As for the weak convention, the Democrats defining Mitt, and Team Romney’s pervasive sluggishness – I blame the first two on the media coverage of this campaign, which, to no one’s surprise, is grossly skewed towards the president. Team Romney has very smart people running his campaign; they just need to be more aggressive. It’s time to take off the white gloves. They can start by giving Paul Ryan a little more breathing room on the campaign trail.
Last week, on The Ed Morrissey Show, Ed had a rather prolonged and in-depth discussion about polls and detailed which ones were salient and which ones were worthless. Liberals will use any poll giving Obama a lead to continue their sophomoric high school cheering concerning the outcome of this race. Even, if the polls are D+13 and are based on 2008 voter turnout – which we know is not going to be duplicated this cycle. Yesterday,Morrissey wrote that Politico reported that:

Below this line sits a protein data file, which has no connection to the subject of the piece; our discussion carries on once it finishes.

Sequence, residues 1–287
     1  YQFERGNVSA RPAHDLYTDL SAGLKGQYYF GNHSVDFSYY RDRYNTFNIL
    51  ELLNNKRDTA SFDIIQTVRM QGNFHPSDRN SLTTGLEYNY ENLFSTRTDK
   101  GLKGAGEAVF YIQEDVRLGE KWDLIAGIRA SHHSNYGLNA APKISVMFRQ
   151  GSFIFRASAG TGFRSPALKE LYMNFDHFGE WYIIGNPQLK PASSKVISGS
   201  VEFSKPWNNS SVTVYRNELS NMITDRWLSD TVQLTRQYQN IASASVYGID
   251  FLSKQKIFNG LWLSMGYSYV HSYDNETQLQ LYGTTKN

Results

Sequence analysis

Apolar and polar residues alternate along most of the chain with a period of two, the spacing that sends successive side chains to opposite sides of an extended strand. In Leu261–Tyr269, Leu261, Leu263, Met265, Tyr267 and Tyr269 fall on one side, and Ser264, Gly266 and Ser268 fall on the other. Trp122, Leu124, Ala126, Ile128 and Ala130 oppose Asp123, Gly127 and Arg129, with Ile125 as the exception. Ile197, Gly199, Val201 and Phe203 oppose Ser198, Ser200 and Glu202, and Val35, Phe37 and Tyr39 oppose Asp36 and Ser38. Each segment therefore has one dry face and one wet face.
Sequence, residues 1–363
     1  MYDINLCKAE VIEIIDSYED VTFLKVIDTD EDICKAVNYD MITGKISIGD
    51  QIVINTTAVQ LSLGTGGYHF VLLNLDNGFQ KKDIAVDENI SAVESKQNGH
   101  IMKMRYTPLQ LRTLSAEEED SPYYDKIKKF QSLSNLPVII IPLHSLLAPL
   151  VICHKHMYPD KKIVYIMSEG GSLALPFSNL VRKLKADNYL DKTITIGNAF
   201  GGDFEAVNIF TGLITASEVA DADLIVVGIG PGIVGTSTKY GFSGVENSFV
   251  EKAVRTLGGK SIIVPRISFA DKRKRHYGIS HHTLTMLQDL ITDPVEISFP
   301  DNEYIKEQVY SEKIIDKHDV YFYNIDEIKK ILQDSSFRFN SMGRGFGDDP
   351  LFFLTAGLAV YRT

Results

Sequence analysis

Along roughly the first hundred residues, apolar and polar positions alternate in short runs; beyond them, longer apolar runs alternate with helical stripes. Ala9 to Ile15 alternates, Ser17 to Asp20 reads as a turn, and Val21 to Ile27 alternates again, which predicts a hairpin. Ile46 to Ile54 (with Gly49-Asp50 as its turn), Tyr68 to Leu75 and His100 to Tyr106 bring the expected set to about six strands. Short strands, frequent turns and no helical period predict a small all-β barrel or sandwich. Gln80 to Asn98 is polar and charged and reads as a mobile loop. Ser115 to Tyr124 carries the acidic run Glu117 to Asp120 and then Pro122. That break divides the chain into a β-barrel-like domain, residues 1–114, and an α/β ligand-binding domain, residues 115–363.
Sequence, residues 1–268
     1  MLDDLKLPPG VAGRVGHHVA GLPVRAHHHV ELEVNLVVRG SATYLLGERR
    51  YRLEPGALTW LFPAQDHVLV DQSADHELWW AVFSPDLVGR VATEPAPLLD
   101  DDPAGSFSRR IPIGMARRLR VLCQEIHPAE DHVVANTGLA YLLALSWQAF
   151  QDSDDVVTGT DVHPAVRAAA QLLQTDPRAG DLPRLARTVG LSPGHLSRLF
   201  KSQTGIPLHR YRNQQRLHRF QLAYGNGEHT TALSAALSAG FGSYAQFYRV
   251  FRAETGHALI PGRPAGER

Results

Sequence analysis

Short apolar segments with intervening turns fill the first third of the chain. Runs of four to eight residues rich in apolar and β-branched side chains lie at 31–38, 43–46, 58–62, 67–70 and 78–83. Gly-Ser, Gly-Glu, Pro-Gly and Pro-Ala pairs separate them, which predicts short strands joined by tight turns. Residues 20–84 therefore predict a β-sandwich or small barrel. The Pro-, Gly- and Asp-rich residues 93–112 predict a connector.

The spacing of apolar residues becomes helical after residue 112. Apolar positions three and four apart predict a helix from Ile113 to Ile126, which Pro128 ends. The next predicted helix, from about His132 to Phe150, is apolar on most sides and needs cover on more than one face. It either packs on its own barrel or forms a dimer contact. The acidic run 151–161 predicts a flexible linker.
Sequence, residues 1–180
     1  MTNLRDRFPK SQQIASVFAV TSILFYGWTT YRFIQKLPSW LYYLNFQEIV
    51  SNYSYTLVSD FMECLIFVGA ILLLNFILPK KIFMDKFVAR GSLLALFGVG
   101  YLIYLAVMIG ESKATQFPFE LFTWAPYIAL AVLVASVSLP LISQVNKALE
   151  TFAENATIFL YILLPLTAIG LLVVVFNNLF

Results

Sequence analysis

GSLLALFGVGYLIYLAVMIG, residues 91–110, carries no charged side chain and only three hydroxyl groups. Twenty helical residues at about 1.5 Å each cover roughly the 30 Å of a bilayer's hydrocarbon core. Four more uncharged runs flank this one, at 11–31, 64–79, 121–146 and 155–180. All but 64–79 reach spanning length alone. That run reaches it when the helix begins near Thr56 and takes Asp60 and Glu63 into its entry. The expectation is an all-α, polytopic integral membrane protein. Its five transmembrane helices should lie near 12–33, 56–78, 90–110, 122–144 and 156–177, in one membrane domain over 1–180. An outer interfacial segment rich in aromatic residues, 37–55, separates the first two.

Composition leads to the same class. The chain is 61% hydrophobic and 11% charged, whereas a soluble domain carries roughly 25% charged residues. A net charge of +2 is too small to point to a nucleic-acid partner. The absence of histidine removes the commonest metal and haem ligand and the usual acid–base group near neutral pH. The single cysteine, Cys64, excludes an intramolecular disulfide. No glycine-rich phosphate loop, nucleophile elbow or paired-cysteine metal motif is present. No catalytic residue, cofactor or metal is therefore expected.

President Barack Obama has opened a national lead in a tight race that’s been static for much of the year.
A new POLITICO/George Washington University Battleground Poll of likely voters finds little good news for Mitt Romney but a race that remains competitive.
Obama leads 50 percent to 47 percent, which is within the margin of error. His 50 percent job approval rating puts him at a crucial threshold for an incumbent seeking reelection. It’s an uptick from the spring and summer, but 48 percent still disapprove.